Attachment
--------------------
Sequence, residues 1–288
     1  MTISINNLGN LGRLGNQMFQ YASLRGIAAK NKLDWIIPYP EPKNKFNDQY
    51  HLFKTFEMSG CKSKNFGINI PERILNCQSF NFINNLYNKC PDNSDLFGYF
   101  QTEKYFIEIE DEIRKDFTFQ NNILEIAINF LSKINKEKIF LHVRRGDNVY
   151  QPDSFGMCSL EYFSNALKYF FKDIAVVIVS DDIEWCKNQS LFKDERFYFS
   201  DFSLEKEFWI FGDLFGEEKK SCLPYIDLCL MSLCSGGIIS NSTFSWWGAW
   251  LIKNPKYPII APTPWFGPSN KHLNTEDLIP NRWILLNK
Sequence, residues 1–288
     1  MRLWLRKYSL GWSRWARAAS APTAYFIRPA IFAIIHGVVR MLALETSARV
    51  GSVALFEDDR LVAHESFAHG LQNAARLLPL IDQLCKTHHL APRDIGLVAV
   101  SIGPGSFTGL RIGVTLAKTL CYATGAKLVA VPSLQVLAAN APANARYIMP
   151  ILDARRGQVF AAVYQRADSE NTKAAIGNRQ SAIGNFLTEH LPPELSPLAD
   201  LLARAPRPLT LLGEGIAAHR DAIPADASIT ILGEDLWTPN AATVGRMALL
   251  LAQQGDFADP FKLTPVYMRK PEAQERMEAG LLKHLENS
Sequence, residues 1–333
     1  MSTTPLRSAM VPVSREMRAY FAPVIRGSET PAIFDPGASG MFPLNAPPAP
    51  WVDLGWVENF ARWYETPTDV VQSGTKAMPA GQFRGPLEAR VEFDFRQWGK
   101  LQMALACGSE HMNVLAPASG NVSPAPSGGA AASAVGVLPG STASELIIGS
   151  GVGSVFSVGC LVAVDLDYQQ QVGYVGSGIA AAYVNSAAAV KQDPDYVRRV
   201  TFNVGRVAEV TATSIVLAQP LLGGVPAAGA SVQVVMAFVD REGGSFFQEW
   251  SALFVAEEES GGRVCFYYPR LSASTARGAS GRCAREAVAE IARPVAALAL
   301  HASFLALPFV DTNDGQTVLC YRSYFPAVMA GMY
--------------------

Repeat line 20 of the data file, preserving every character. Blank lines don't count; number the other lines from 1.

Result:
   201  TFNVGRVAEV TATSIVLAQP LLGGVPAAGA SVQVVMAFVD REGGSFFQEW